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Contact: Diane Ainsworth

FOR IMMEDIATE RELEASE                                                September 20, 1994

       High-speed information technologies developed by NASA's Jet Propulsion Laboratory can support physicians in remote locations on a new medical information superhighway by providing them with instant information and treatment strategies for their patients.

       The new, integrated computing and telecommunications technologies -- representing the first nationwide medical network -- were demonstrated today before members of Congress and the Clinton Administration by the National Information Infrastructure Testbed, a non-profit consortium of corporations, universities and government agencies committed to translating the vision into reality.

       "Right now, a revolution in the way we plan and deliver medical care is knocking on our door, and NASA's going to be in the front ranks of that revolution," said NASA Administrator Daniel S. Goldin. "We'll merge our unique skills with those of the other major players to create innovative technology and engineering solutions."

       The demonstration in Washington, D.C., showed how ground and satellite communications and supercomputing technologies can be applied to fundamentally alter the delivery of critical medical care and expertise to geographically dispersed sites throughout the country, said Edward Chow, technical manager of the telemedicine demonstration at JPL.       

       "More importantly, the communications technologies could have a profound impact on the quality of medical care available to patients living in small or rural towns hours away from a medical facility," he said.

       JPL, a member of the National Information Infrastructure Testbed, developed the concept for the telemedicine demonstration and played a lead role in harnessing the communications and computing technologies necessary for this type of information infrastructure.

       JPL served as the overall system integrator for the demonstration, providing the graphical user interface, video teleconferencing technology, supercomputing capabilities together with Cray Research Inc. and the high-speed, wide area communications protocol to integrate information from contributing members.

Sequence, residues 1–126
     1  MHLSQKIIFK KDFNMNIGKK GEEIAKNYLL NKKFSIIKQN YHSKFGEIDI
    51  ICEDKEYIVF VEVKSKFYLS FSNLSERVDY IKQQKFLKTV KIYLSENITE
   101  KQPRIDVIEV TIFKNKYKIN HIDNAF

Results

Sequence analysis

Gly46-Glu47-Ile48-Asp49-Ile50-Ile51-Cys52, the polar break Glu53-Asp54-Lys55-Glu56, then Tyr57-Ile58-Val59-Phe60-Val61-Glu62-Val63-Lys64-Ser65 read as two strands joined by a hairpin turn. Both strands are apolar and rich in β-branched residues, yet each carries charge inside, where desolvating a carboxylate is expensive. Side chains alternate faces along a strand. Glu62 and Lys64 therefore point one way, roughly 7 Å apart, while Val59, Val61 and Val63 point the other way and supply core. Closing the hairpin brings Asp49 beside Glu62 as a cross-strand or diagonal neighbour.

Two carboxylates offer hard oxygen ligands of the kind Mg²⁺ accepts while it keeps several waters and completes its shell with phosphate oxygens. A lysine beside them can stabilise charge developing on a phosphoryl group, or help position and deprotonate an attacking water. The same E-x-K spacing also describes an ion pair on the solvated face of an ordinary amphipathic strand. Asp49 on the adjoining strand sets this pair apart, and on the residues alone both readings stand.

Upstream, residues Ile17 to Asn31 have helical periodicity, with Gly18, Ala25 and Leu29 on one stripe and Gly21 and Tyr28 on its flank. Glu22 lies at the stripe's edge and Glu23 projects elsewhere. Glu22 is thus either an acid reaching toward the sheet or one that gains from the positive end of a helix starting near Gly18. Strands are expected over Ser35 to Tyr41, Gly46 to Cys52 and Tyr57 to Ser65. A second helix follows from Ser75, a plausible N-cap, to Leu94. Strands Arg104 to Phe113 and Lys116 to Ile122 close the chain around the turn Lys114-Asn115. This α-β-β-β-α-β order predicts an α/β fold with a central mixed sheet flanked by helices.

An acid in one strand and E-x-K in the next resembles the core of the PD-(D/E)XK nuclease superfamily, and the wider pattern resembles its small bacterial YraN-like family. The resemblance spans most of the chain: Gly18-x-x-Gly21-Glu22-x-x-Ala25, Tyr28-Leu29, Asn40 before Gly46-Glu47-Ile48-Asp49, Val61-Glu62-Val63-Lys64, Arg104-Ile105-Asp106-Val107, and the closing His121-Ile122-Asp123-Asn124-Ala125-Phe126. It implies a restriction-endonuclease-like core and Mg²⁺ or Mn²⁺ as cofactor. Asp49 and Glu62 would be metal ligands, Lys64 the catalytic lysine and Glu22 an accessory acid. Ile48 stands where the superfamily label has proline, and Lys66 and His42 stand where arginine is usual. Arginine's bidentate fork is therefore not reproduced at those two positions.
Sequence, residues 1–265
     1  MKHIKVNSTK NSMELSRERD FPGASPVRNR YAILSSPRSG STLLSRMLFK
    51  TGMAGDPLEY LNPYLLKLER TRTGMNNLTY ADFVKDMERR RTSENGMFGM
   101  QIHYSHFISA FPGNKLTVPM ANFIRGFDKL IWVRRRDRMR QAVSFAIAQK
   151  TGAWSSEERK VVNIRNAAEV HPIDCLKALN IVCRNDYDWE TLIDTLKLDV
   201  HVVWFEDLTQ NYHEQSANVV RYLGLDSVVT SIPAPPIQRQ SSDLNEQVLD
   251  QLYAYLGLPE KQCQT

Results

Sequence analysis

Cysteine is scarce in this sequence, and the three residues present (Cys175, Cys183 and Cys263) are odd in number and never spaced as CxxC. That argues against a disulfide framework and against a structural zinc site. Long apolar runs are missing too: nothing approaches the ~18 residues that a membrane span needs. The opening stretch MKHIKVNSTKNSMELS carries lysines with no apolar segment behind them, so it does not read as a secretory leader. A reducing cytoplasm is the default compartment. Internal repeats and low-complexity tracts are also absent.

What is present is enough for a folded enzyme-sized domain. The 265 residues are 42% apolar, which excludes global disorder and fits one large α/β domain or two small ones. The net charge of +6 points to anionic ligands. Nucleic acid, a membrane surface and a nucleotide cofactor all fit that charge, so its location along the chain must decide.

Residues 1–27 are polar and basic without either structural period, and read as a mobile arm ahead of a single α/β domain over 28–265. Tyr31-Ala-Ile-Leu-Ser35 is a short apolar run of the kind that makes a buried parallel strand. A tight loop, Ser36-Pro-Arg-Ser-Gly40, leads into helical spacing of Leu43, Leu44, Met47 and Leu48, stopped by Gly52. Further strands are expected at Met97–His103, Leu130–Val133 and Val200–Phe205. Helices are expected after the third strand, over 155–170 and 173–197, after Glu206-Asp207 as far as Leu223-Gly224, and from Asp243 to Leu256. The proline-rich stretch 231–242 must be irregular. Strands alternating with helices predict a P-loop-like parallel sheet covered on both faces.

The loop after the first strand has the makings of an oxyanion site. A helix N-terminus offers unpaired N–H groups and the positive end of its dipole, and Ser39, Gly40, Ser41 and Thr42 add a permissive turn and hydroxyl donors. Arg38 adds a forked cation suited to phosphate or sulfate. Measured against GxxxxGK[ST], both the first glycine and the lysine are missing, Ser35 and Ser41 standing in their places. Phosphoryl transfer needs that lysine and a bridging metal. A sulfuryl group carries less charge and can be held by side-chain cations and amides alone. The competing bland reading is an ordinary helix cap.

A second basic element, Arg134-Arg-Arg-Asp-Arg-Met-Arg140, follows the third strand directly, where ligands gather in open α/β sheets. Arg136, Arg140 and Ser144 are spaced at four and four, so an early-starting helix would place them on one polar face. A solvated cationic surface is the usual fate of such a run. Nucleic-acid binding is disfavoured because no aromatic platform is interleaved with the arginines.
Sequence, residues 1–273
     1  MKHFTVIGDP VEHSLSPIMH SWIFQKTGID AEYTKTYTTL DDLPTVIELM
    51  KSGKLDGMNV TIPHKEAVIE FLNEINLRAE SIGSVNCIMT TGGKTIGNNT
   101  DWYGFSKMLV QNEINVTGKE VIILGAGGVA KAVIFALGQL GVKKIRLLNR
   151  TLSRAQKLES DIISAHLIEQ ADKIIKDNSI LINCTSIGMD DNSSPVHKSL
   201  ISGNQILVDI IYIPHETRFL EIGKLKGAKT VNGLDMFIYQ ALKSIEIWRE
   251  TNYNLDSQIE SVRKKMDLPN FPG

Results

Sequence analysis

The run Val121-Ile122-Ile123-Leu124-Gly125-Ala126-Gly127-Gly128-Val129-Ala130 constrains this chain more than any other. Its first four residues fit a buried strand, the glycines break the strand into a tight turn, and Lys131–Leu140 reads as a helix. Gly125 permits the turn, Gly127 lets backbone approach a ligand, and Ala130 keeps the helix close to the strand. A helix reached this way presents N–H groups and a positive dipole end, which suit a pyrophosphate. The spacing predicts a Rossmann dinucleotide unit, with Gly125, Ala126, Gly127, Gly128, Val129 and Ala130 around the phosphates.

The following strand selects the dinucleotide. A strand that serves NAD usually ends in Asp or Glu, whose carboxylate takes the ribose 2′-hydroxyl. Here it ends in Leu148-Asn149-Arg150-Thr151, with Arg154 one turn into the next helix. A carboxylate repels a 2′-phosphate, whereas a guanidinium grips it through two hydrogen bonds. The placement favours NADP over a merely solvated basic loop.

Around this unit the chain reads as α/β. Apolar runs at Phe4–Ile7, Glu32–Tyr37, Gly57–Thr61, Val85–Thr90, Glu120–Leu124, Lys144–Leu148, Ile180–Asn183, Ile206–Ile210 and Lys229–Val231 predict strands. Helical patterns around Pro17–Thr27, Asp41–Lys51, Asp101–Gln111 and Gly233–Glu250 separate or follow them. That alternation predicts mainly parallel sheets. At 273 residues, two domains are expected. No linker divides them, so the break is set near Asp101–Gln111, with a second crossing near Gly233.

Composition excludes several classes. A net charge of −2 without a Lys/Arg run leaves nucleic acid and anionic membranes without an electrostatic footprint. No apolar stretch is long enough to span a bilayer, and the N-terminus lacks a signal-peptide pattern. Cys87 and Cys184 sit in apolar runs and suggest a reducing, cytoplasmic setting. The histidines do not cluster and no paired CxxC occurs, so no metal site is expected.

The demonstration simulated an emergency trauma situation in which a patient on vacation in a remote area of the Southern California desert was badly injured in an automobile accident. Satellite communications allowed the rural hospital to communicate with trauma specialists at the University of Southern California (USC) Medical Center in Los Angeles.

       The patient was then transported to USC where she received specialized treatment from her personal physician at Johns Hopkins Medical Center in Baltimore, Md., via the high-speed fiber optic network.

       "Using this communications network, the patient's medical records were remotely accessed while critical medical images were shared by specialists in diagnosing her medical condition," Chow said. "Real-time consultation was carried out be teleconferencing and the patient received an agreed-upon treatment."

       "This demonstration illustrates the many ways in which technologies developed for the space program can be harnessed to enrich the lives of people," said JPL Director Dr. Edward C. Stone, who participated in a panel discussion of the telemedicine demonstration.

       The National Information Infrastructure Testbed pointed out myriad benefits of the networking technology to improve the quality and delivery of medical services, including:

       -- Improved analysis tools to prevent expensive and sometimes unnecessary medical procedures;

       -- Timely delivery of lab results and expedient treatment;

       -- Real-time processing of health insurance claims and the reduction of paperwork and overhead costs;

       -- Improving collaboration of primary and specialized health care physicians using new, high-speed data communications techniques;

       -- Extending quality health care to underserved and unserved areas of the country.

       Plans are under way for phase two of the telemedicine demonstration, which will involve a number of organizations that will be given the opportunity to develop and evaluate real-world applications of the technology, such as administration, telemedicine, teleradiology, treatment planning and access to medical records in real time.

       The testbed will also help physicians assess the barriers that still exist today in providing nationwide health care, barriers such as the practice of medicine across state boundaries.

       Participants in today's telemedicine demonstration included AT&T, Hewlett-Packard, Hughes Aircraft Corporation, IBM, Johns Hopkins Medical Center, Lawrence Livermore National Laboratories, JPL's Telecommunications Systems Division, Network Systems Corporation, Pacific Bell, Polaroid Corporation, Sandia National Laboratories, SynOptics Communications, WilTel, the USC Medical Center and USC Advanced Biotechnical Consortium.

       JPL's work in the telemedicine demonstration was sponsored by NASA's Office of Life and Microgravity Sciences and Applications; Office of Space Access and Technology; and Office of Space Science, Washington, D.C.


9/20/94 DEA